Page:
I think that at big firms, "Of Counsel" are definitely not considered to be "at the partner level" except in terms of years having worked at the firm.  At most large firms, "Of Counsel" are typically the folks that usually have no chance at becoming partners (haven't build their own client base, socially inept, rubbed people the wrong way, etc.).  Often people will leave after becoming "of counsel" in hopes of lateralling somewhere else where they can become partner. People who are partially retired partners or partners who have gone part-time are often called Senior Counsel or something like that.

Also, note that at many firms, especially large firms, there are 2 different levels of partners. Non-equity, or "income partners" don't have an ownership share of the firm while equity partners do hold a share of the firm.

jacy85

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Re: Law firm job titles
« Reply #7 on: November 12, 2007, 11:05:11 PM »
No matter how they became "of counsel" (either partners who "retire" or partners who lateral into a firm that doesn't automatically make them partners), "of counsel" usually refers to an attorney at the partner level who, for whatever reason, does NOT have an ownership share of the firm.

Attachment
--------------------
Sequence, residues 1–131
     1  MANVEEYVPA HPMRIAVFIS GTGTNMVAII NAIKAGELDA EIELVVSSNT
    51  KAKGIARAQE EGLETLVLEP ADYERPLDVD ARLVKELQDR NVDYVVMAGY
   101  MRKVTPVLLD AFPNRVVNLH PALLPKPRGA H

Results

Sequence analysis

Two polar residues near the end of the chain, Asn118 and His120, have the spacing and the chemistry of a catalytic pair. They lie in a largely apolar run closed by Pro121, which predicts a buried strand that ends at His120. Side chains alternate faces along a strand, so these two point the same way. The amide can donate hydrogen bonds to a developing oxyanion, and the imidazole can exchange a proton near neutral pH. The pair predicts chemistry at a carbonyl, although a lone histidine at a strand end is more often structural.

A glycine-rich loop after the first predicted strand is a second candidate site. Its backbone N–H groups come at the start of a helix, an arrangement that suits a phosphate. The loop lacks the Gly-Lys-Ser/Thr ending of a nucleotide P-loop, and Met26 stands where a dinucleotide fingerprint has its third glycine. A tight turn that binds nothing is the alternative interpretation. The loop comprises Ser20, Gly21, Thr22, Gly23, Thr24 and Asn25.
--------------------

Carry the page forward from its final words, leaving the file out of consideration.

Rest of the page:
I think that at big firms, "Of Counsel" are definitely not considered to be "at the partner level" except in terms of years having worked at the firm.  At most large firms, "Of Counsel" are typically the folks that usually have no chance at becoming partners (haven't build their own client base, socially inept, rubbed people the wrong way, etc.).  Often people will leave after becoming "of counsel" in hopes of lateralling somewhere else where they can become partner. People who are partially retired partners or partners who have gone part-time are often called Senior Counsel or something like that.

Also, note that at many firms, especially large firms, there are 2 different levels of partners. Non-equity, or "income partners" don't have an ownership share of the firm while equity partners do hold a share of the firm.

Ok - that's not how it is at 2 of the firms I've worked at...but then again, I haven't worked at "most" firms, I guess.